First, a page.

Culture, Ethnicity and Race
Protesters being marked with numbers, put in dog kennels and shot with rubber bullets. These do not sound like events that should occur in modern day America. Unfortunately, according to media reports, these are some of the first-hand accounts of what is happening in North Dakota as protests escalate over the Dakota Access Pipeline.
If you had a cold, with a stuffy nose, sore throat, and headache, would you want a medicine that treated all the symptoms or just the stuffy nose? Most people would want the medicine that treated all the symptoms. Yet, when it comes to mental health problems, such as depression and anxiety, standard mental health treatments do not necessarily address all the issues involved, particularly cultural issues.
October 15th is National Latinx AIDS Awareness Day, and this year’s theme is “We’ll Defeat AIDS con Ganas!” But why is it important to talk about acquired immunodeficiency syndrome (AIDS) in the Latino community? Latinxs are disproportionally affected by the human immunodeficiency virus (HIV)—the virus that causes AIDS. Our community represents 17% of the total U.S. population, but accounts for 21% of all new HIV infections and 21% of people living with HIV. In addition, research shows that Latinxs are more likely to receive late diagnosis and HIV care compared to other races and ethnicities.
Through a very complete body of research, the field of psychology has established that a person’s identity is composed of several different parts. However, psychological research projects often only focus on one or two aspects of identity. As we move towards a more complete picture of human behavior, we must remember to keep in mind that the intersections of identity are a vital piece of that picture.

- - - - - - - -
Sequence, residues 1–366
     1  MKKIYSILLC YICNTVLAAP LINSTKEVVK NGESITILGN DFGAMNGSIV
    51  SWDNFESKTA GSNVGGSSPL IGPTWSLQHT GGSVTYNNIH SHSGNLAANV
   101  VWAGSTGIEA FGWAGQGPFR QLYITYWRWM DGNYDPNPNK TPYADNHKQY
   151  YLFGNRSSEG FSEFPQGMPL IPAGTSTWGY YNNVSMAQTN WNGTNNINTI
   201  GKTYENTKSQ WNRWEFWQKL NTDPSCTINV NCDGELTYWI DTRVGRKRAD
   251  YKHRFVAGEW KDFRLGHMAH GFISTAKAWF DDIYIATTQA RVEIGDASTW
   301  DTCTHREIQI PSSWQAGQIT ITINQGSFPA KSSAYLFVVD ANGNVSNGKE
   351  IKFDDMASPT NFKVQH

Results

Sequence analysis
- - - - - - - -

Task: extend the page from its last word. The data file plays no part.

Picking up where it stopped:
Witnessing or experiencing race-related trauma damages the psychological wellbeing of minority youth. African American, American Indian, and Latino youth not only encounter race-related trauma in their neighborhoods but also in school. Schools should be a safe space for all children, but some disturbing data prove otherwise.
Longstanding tensions between police and communities of color have reached a boiling point in the United States. If we are to heal as nation, we must first acknowledge and move beyond entrenched societal stereotypes that reduce people of color, particularly black men, to suspected criminals who should be feared.
There have been many changes within the criminal justice system as a means to deter crime and to keep citizens safe. However, research demonstrates that often times men of color are treated harshly which leads to negative perceptions of police officers. The recent shootings in Baton Rouge, Falcon Heights, and Dallas have exposed many individuals and their families to incidents of police brutality that reminds us that as a society work needs to be done to improve police and community relations.
Families around the country are coming together to talk about the officer-involved shootings in Louisiana, Minnesota, and the ambush of police officers in Dallas, Texas. These events come shortly after the violence in Orlando. In fact, it seems that acts of violence are in the news on a regular basis. How do we begin to explain all of this to our children when we, as adults, are having our own difficulties with what is occurring?
Up to 1 in 7 women experience postpartum depression, a very real and serious mood disorder. Studies show that new mothers of color have rates of postpartum depression soaring close to 38% compared with the 13 – 19% rate for all new mothers.
By Muninder Kaur Ahluwalia, PhD (Montclair State University) and Saba Rasheed Ali, PhD (University of Iowa) A Muslim mom, Melissa Chance Yassini, recently wrote on her Facebook page: Sad day in America when I have to comfort my 8 year old child who heard that someone with yellow hair named Trump wanted to kick all Muslims out of… Read More ›